Religious leaders urge U.S. to keep refugee resettlement program

Central American migrants in Tapachula, Mexico, sleep outside the Mexican Commission for Refugee Aid, June 10, 2019. More than 500 religious leaders and groups signed an Aug. 23 letter to President Donald Trump urging his administration not to go through with plans to possibly end the country's refugee resettlement program. (CNS/Reuters/Jose Cabezas)

Several women's religious orders, individual women religious and Catholic organizations such as Pax Christi and Jesuit Refugee Service were among more than 500 religious leaders and groups who signed an Aug. 23 letter to President Donald Trump urging his administration not to go through with plans to possibly end the country's refugee resettlement program.

"We are called by our sacred texts and faith principles to love our neighbor, accompany the vulnerable and welcome the sojourner," the letter said, adding: "Our congregations, synagogues and mosques have historically played key roles in assisting refugees with housing, language, employment and social supports necessary for rapid and effective resettlement into U.S. communities."

The letter said the group's commitment to offer people refuge from violence and persecution "requires our government to demonstrate the moral leadership upon which our nation was founded."

It stressed that faith communities "remain ready and eager to welcome refugees and decry the policies that are preventing refugees from receiving protection at this time." The letter also said that people of faith are "especially distraught by the implications of low refugee arrivals for particular populations of concern such as families seeking to reunite, religious minorities and children."

The letter noted the administration's promises to religious communities in the United States that persecuted religious minorities would be given safety in the United States, but still stressed that the low arrival numbers mean all communities are in danger.

"We express our deep concern for the impact of low arrivals on religious minorities, including Christians, Muslims and others who find themselves persecuted because of their religious affiliation and are thus left without options to safely practice their faith," the letter said.

When the Trump administration announced in mid-July that it was considering "zeroing out" the number of refugees accepted by the United States, the chairman of the U.S. bishops' migration committee and leaders of Catholic and other faith-based agencies that resettle refugees implored the government to reject such a move.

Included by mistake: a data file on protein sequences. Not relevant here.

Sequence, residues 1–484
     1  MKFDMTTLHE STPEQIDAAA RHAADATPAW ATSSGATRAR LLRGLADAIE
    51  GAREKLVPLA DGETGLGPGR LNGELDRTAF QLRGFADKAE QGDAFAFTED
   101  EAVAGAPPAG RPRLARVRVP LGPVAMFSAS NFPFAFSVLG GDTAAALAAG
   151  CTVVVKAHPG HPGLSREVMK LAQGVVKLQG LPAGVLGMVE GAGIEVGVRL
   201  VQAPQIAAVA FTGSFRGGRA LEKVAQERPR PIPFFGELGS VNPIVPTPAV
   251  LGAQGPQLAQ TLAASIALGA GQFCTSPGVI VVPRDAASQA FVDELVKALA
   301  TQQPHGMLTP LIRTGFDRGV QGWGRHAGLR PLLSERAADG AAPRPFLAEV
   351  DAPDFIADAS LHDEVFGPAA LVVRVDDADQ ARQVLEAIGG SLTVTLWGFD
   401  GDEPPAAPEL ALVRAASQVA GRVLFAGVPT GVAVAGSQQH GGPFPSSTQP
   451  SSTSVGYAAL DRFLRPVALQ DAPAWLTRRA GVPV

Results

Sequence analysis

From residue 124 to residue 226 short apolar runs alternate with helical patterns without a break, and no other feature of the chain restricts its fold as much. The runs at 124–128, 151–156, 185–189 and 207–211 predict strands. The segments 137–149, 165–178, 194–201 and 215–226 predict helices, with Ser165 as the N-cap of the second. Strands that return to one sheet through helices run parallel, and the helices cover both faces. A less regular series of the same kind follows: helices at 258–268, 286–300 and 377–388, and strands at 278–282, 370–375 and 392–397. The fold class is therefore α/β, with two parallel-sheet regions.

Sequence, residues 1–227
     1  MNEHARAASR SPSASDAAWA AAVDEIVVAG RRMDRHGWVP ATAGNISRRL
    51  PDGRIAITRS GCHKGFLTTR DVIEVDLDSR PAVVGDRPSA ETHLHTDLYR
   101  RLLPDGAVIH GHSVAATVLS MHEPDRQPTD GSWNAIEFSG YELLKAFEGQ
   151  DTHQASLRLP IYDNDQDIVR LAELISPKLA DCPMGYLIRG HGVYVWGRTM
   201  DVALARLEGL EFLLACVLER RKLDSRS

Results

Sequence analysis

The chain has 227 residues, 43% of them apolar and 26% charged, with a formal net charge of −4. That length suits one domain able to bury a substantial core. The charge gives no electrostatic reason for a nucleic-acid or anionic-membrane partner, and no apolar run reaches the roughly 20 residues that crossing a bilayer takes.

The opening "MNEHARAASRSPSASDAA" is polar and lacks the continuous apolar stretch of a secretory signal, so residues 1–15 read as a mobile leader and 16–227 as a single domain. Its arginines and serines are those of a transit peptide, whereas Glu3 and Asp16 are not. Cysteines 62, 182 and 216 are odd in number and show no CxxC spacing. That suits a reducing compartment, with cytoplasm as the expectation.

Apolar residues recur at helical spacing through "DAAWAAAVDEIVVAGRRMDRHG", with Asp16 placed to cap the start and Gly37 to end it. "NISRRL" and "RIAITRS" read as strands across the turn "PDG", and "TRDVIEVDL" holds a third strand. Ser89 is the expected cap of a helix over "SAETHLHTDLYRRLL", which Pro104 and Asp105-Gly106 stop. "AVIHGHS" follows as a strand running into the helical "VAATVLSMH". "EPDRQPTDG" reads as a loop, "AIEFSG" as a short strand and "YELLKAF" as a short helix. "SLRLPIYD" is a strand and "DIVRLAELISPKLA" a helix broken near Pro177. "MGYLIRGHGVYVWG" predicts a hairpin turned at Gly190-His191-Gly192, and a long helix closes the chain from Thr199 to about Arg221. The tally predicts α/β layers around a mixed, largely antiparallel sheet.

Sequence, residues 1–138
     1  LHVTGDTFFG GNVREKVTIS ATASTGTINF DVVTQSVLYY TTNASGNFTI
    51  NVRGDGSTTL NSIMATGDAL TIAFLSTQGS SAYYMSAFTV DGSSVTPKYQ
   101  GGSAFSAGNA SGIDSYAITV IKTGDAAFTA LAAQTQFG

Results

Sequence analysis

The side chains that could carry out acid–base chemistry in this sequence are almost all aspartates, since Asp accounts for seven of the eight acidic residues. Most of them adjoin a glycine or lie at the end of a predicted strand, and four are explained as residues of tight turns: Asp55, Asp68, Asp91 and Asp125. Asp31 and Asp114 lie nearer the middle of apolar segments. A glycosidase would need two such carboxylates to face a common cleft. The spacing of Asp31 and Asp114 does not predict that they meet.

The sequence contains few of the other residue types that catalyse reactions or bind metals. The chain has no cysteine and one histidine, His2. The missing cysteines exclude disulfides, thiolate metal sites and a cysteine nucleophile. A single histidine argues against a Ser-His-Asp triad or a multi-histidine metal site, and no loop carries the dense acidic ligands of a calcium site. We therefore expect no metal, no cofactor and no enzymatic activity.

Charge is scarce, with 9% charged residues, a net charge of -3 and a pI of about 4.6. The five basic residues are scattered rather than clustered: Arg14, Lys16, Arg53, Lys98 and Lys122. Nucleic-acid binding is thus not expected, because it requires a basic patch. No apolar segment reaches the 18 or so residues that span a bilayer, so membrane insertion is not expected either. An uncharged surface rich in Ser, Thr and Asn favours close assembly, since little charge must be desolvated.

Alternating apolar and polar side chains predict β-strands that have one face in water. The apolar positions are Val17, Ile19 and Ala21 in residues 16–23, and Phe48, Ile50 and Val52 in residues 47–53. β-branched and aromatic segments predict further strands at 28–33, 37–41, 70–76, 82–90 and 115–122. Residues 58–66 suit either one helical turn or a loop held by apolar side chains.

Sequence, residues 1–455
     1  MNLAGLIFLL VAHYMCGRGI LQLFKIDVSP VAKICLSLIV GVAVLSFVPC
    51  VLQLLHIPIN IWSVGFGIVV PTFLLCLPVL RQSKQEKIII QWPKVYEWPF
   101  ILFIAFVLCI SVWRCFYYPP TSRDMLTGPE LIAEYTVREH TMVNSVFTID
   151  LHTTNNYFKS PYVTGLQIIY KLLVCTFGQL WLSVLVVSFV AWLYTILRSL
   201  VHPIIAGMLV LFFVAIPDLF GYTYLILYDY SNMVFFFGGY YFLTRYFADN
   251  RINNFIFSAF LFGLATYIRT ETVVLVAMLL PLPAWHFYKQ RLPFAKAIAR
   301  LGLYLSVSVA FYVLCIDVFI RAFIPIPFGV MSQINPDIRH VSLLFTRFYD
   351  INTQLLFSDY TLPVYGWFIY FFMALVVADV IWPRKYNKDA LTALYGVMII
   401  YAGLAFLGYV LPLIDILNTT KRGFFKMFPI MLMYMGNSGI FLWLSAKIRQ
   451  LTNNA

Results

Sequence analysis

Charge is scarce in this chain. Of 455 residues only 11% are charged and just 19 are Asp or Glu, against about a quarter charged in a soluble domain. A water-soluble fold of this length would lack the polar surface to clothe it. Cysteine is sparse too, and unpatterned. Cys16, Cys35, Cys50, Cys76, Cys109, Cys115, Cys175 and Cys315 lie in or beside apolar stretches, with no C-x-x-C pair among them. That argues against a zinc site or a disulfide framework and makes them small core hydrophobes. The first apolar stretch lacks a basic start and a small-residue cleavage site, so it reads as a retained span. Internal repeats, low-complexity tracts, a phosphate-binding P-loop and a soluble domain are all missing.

"I strongly oppose any further reductions of the refugee resettlement program," said Bishop Joe Vasquez of Austin, Texas, chairman of the U.S. Conference of Catholic Bishops' Committee on Migration. In a July 19 statement, he added: "Offering refuge to those fleeing religious and other persecution has been a cornerstone of what has made this country great and a place of welcome."    

Since Congress passed the Refugee Act in 1980, the U.S. had admitted on average 95,000 refugees annually. In recent years, the U.S. has accepted between 50,000 to 75,000 refugees per year. The number was capped at 45,000 after Trump became president in 2017 and was scaled back to 30,000 refugees for fiscal year 2019.

Before admission to the U.S., each refugee undergoes an extensive interviewing, screening and security clearance process.

Setting caps on the number of refugees to be accepted from five global regions is done at the beginning of each fiscal year by the president, in consultation with Congress. The deadline for the upcoming consultation is Sept. 30, according to Jen Smyers, director of policy and advocacy for Church World Service. She told reporters during a phone briefing in July that the U.S. secretary of state "makes the final decision."

"The last couple of years have been historically low in terms of refugee resettlement here in the U.S.," said Bill Canny, executive director of the U.S. Conference of Catholic Bishops' Migration and Refugee Services. "Of the millions of refugees around the world, only about 1% will be resettled, that number will decrease and leave more people vulnerable if these actions come to fruition."

Canny told Catholic News Service in July the administration should reconsider making these devastating cuts. "Our military relies on the work of interpreters while in the field and those interpreters are putting their lives and their families lives on the line. To not open our arms to them when they have done so for us, would go against who we are as a nation," he said.

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